Dallas Stars: Kari Lehtonen

Stars rising quickly in the loaded West

September, 8, 2014
Sep 8
Valeri Nichushkin Jerome Miron/USA TODAY SportsValeri Nichuskin appears ready to take a big step in his second year in the NHL, says Stars GM Jim Nill.
In a league where one of the most common refrains is that it’s next to impossible to acquire top-end centers, Jim Nill picked up Tyler Seguin and Jason Spezza just over a year on the job as general manager in Dallas.


No wonder the Stars are a trendy pick ahead of this season to continue their onward climb in the tough Western Conference.

"I think Dallas is ready to take a leap in with the big boys,’’ one Eastern Conference GM told ESPN.com last week.

"It's no surprise to anyone in the Western Conference that watched Jim Nill and his staff quietly weave his magic in Detroit ... that the same culture of excellence is evolving quickly in Dallas through solid drafting and astute trades and FA signings,’’ another rival Western Conference team executive told ESPN.com via email.

"Another contender in the West."

The forward combinations may very well change, but for now, the thought of having Seguin reconnect his magic with stud winger Jamie Benn and having Spezza and fellow newcomer Ales Hemsky continue what they began late last season in Ottawa certainly provides Dallas with an awesome top-two line attack.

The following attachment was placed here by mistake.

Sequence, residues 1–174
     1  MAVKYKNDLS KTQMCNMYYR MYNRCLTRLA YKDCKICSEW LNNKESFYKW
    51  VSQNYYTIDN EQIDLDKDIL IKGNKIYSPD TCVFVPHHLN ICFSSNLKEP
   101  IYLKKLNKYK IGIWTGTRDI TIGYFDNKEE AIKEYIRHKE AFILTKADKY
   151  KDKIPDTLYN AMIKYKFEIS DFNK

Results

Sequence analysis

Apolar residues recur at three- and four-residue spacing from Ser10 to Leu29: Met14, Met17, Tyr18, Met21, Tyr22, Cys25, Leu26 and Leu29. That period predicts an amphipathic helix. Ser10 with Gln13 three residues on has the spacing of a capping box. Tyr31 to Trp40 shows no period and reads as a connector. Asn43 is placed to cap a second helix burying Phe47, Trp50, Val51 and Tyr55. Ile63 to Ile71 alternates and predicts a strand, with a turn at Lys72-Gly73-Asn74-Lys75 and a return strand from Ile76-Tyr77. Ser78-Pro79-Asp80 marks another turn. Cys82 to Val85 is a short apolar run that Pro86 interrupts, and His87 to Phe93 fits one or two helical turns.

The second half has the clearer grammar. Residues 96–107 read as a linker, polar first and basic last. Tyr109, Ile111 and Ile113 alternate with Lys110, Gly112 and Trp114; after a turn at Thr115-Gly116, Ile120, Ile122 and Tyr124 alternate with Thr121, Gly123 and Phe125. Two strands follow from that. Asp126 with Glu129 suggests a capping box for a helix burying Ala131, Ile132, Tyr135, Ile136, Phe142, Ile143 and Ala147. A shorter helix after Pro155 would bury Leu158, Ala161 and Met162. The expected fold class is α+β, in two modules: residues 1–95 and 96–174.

Then again, the Stars weren’t alone in stocking up in the West. The Blues got better, the Ducks got better, and the list goes on as the Western Conference arms race continues.

"That was the message to the players at the end of the year last season, 'We've got to get better,’’’ Nill told ESPN.com last week. "I went through every team in the conference, and they’re all getting better. So we have to get better, too. With that comes expectations, if you want to be a winner, if you have to learn how to deal with that.’’

But it’s all good, Nill said. It’s a good kind of pressure. And the market in Dallas has responded after the Stars made it into the playoffs last season for the first time since 2008 and followed up with the big Spezza trade.